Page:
New Orleans, La. - The state constitutional amendments on the November 6 ballot can be confusing. The Public Affairs Research Council of Louisiana has helped to put them in much simpler terms.
Amendment 1 involves the Medicaid Trust Fund for the elderly. The fund helps cover the extra costs of nursing home or primary care. The amendment would keep lawmakers and the governor from dipping into that money to help balance the budget.
UNO political science professor Ed Chervenak says, "This is one fund that has not been raided and a lot of it has to do with the fact that most of the money comes from the federal government -- that they specify how that money should be spent, that if that money in fact was withdrawn from the fund for other purposes, the federal government then may take that money back. So that's why they haven't touched it."
Amendment 2 would spell out, in black and white, that the right to keep and bear arms is a fundamental right and that any restriction on that right shall be subject to strict court scrutiny.
Amendment 3 has to do with filing bills related to the state's public retirement system. It would require lawmakers to file a month earlier and would double the public notice period.
Amendment 4 relates to property tax exemption for spouses of certain disabled veterans. The measure would allow the spouse of a deceased veteran, who was 100 percent disabled, to claim a higher homestead exemption, even if it wasn't in effect at the time of the veteran's death.
Amendment 5 targets elected officials and state workers who don't play it straight -- it would allow courts to include forfeiture of all or part of the retirement benefits of a public official or worker convicted of a felony associated with their office or employment.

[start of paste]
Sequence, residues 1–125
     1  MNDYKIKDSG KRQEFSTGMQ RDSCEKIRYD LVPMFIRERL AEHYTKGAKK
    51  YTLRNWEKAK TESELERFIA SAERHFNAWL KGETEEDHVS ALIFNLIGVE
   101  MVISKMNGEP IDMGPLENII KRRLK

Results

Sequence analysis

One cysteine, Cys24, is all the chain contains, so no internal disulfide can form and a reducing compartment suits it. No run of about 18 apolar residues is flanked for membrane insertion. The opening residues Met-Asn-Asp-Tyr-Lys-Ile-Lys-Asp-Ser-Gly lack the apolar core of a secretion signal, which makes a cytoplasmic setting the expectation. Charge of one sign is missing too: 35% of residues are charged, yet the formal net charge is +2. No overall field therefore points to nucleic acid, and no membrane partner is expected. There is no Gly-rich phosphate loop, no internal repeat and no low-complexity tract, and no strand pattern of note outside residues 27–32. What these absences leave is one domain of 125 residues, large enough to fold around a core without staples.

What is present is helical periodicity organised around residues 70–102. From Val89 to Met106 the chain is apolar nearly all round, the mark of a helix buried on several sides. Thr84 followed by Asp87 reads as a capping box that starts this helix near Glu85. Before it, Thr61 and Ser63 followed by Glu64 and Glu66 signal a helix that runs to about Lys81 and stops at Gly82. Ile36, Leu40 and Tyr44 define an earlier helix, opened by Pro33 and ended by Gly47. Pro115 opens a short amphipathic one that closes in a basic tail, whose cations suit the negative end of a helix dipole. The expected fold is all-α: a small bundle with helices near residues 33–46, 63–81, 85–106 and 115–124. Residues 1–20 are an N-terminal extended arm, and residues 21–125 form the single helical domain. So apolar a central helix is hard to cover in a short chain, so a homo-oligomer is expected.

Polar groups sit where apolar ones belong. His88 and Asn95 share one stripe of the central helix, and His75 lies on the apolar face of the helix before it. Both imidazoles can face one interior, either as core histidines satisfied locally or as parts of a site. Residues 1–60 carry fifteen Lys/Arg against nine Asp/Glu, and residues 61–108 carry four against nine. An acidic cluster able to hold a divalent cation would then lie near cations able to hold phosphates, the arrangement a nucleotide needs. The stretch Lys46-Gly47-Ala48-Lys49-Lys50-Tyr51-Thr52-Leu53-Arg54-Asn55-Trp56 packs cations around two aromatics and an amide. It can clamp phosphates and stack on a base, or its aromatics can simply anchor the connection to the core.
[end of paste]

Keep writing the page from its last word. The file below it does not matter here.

The City of New Iberia is looking for support for Amendment 6. It would allow the city to grant property tax exemptions to any property owner annexed into the city after January 1, 2013. It's an effort to create incentives for economic development.
You might call Amendment 7 a bit of housekeeping. Louisiana is going from 7 to 6 congressional districts as a result of redistricting based on the 2010 census. Amendment 7 would adjust the selection process for constitutionally created boards and commissions to align with the reduced number of districts.
Amendment 8 has to do with property tax exemption for non-manufacturing businesses. It would allow the Board of Commerce and Industry to grant local property tax exemption contracts to a targeted group of non-manufacturing businesses in parishes that choose to participate in the program.
Crime prevention districts are the focus of Amendment 9. Since 1997, there have been about 30 of those district created in the state. They didn't, however, come without complaints. Some residents in those districts complained about not being well informed.
Amendment 9 would increase the number of times bills to create these districts must be advertised. It would also require notices about parcel fees along with information on how and how much the fees could go up over the years.
For more detailed information on the amendments, go to www.parlouisiana.org/s3web/1002087/docs/2012_guide_to_constitutional_amendments.pdf